NHS providers within your ICB
We would expect the provider to be appropriately accredited and practising in line with UK best practice and willing to follow locally agreed protocols for shared care.
Alternative NHS providers
If a GP is asked to refer to an alternative NHS provider, we would expect the provider to be appropriately accredited and practising in line with UK best practice and willing to follow your locally agreed protocols for shared care.
We would expect the local commissioning teams, in ICS local to the practice, to provide assurance that the alternative NHS provider is appropriately accredited and that the provider is willing to work to locally agreed protocols and has appropriate channels for shared care and expert access as they are effectively commissioning this service albeit vicariously. So, if a patient asks for a referral to an ‘alternative’ NHS provider that the Practice are not familiar with the Practice may wish to seek assurance from their local ICB that the provider has been assessed by them as the commissioner to have the correct parameters for safe shared care arrangements in place.
Right to choose providers
In the current climate it is understandable that some patients are exercising their ‘right to choose’ and requesting referral to independent providers who hold an NHS contract with ICBs outside of Wessex. Some providers are advertising NHS assessment and shorter waiting times.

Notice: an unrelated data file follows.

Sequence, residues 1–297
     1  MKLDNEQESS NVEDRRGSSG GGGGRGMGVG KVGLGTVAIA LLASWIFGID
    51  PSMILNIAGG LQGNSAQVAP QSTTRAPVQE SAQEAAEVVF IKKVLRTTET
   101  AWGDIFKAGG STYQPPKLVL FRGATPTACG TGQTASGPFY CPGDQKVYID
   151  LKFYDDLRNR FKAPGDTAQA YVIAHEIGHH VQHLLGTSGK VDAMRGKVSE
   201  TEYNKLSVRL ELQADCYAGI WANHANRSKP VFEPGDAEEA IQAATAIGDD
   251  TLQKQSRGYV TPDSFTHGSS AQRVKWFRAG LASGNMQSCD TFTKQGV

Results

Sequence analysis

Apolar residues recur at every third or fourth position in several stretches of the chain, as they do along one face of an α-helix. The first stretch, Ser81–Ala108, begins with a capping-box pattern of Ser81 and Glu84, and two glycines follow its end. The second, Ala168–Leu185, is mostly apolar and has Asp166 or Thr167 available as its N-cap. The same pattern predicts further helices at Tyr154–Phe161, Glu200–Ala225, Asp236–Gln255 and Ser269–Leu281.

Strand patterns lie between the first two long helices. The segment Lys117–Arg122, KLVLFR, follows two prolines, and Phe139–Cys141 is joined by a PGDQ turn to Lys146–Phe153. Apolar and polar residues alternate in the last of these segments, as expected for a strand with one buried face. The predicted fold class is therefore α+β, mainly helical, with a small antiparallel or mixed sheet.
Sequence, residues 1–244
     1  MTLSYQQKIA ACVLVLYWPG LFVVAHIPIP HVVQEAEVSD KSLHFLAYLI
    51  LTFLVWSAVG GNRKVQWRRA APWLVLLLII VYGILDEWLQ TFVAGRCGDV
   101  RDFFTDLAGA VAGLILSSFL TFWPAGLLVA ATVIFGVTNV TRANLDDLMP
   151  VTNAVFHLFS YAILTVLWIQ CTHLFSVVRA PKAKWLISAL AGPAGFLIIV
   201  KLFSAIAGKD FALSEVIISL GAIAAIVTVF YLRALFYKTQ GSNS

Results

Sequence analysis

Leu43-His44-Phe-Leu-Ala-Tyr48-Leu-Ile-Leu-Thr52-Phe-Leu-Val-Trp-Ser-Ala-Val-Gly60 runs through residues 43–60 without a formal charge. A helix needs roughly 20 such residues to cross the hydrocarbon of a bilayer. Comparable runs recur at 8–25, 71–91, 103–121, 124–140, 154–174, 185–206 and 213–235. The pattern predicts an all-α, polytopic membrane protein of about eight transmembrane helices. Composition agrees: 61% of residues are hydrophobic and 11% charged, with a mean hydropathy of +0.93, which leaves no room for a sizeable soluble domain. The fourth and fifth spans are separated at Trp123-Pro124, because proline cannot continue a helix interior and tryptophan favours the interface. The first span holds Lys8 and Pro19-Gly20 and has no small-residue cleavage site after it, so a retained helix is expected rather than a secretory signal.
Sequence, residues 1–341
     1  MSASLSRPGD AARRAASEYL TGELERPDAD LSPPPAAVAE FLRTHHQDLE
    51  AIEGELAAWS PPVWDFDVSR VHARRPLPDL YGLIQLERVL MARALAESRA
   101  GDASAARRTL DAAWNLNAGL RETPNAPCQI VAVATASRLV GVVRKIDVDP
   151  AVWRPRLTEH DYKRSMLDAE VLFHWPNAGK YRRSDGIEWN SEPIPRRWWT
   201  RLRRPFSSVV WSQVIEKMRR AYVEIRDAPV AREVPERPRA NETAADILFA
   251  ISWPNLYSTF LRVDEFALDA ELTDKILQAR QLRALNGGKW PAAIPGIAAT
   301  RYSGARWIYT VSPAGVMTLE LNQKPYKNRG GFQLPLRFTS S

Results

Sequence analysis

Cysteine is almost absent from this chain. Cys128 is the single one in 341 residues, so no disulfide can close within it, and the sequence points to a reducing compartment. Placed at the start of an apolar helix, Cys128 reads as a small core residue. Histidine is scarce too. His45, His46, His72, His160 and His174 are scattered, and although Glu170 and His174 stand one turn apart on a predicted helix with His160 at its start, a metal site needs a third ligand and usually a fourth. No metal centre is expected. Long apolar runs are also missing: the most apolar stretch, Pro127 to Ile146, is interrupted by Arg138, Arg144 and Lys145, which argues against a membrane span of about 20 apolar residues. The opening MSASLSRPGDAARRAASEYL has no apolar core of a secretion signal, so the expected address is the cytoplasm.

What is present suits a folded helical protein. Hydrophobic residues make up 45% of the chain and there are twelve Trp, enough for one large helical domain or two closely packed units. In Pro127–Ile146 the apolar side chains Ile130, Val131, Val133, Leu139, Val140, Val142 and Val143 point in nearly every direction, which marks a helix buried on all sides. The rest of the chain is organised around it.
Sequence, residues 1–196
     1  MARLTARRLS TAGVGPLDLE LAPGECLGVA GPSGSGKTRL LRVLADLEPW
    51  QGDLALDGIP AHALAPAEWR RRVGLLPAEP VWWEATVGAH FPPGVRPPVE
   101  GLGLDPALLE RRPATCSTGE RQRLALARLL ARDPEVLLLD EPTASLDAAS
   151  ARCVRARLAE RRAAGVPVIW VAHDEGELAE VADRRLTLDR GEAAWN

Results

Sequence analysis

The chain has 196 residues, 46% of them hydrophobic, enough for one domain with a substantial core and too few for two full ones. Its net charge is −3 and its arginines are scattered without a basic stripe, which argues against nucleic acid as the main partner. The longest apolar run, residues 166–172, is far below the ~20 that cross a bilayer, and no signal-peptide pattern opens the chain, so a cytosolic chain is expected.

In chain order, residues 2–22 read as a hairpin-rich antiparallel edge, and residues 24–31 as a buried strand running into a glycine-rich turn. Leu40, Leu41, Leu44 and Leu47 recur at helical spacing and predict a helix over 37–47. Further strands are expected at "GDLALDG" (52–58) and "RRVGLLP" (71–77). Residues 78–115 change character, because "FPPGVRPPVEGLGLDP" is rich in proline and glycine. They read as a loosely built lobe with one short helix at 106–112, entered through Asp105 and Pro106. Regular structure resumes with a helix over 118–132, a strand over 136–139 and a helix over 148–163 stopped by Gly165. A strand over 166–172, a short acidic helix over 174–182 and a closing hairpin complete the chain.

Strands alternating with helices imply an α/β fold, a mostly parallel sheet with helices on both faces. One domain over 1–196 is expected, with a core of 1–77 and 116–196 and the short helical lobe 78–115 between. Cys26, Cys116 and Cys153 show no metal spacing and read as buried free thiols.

Patients choosing such services and their GPs should be mindful that some services will only diagnose and will not prescribe or provide the secondary care part of a shared care arrangement. This should be taken into account by the General Practice and the patient when making their decision of whether it is appropriate to refer to those providers only making a diagnosis in terms of what the patient is hoping for as an outcome.
We would expect the local commissioner to provide assurance that the Right to Choose provider is appropriately accredited. The commissioner should also provide assurance that the provider is willing to work to locally agreed protocols and has appropriate channels for shared care and expert access as they are effectively commissioning this service albeit vicariously. The practice may wish to check this with their ICB team prior to referral.